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Jamiroquai Automaton Virgin EMI


Jamiroquai’s frontman Jay Kay presents himself as a man of the world, combining streetwise knowledge with roguish charm under a big gnome-y hat. Sometimes, he pulls it off. Will he with Automaton, their first album in seven years?

Reportedly, Automaton sees Kay taking that nous and aiming it at the apparently excessive influence of technology on our lives. But on opener Shake It On, Jay Kay ruminates on the difficulties of pushing our limits before truly knowing ourselves: ‘I need to find out where I am before I reach the stars/ yeah, before I step on Mars’. Not even a clavinet – perhaps the funkiest instrument in the world – can obscure these bizarrely terrible lyrics, and the dumpy production, hemmed in by too-rigidly quantised percussion. The ‘maybe technology is bad’ theme continues in the title track, which has decent Soulwax-y synth work through the verses ruined by a weak chorus and an excruciating middle-aged-rap. Dr Buzz sees Jay allude to Black Lives Matter, and while Jamiroquai have the capacity for witty pop songs with a coherent political message, unfortunately Dr Buzz just isn’t one of them.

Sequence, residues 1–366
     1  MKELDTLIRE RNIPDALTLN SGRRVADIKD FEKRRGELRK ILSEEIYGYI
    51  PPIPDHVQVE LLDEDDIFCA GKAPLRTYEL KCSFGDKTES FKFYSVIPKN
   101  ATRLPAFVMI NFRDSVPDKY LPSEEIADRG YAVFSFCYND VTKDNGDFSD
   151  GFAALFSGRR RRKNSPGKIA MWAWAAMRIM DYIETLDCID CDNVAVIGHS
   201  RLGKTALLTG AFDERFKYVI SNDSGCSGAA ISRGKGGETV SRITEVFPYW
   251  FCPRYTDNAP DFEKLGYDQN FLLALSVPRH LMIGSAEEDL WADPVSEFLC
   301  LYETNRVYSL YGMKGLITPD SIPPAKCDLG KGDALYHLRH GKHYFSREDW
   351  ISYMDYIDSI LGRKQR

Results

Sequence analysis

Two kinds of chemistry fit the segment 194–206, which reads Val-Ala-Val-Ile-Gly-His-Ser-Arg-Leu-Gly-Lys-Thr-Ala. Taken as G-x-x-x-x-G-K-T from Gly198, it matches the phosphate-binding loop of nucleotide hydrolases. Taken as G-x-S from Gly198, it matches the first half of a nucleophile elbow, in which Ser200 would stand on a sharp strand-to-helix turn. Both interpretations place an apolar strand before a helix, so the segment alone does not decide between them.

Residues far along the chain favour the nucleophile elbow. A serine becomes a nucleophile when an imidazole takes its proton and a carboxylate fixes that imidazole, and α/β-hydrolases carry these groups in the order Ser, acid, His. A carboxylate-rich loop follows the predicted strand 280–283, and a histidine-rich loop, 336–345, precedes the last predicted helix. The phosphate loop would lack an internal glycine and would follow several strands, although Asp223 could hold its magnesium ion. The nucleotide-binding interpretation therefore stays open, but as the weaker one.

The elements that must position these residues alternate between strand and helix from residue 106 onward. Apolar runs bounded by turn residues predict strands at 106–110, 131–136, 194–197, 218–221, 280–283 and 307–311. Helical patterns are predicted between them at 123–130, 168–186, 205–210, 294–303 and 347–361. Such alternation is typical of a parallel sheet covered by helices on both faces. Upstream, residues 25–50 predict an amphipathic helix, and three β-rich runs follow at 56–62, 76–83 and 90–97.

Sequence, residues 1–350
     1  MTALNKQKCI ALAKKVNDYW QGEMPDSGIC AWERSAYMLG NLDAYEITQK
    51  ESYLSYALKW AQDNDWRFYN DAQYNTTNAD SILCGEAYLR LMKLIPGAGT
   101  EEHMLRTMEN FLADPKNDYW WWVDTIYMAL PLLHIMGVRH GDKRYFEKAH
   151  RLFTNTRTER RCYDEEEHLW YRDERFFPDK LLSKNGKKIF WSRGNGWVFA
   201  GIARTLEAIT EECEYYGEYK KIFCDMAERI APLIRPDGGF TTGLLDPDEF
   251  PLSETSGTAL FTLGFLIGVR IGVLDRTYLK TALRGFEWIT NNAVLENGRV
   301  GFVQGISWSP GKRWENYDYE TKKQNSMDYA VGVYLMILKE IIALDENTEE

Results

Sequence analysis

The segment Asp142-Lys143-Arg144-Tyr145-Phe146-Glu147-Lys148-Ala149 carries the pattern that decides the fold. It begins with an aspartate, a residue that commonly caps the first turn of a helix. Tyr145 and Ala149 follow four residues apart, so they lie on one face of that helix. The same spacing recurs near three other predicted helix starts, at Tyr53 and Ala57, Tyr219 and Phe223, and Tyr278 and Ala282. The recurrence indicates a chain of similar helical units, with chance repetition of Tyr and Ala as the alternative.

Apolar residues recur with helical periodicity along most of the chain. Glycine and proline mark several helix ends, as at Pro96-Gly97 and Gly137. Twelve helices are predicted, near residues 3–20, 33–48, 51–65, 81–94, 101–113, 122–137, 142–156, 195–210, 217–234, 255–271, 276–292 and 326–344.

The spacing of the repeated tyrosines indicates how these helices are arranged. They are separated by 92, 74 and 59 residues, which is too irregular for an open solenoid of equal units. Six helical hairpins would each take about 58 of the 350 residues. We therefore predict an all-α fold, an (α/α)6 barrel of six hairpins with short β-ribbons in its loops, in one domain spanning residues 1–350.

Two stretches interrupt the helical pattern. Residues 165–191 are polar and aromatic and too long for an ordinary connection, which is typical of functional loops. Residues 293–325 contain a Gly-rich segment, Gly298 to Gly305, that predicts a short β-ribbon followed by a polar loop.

The rest of Automaton is primarily mushy pap with elements of disco, funk and acid jazz, occasionally enlivened with the trendiest synthesiser lines of 2007. Jay Kay’s libido also makes an unwelcome appearance in Hot Property and Summer Girl. In the end, the lairy playboy of the 90s has become the randy dad of 2017. While this album has some good elements, the overall effect is to put the ‘why?’ in Jamiroquai.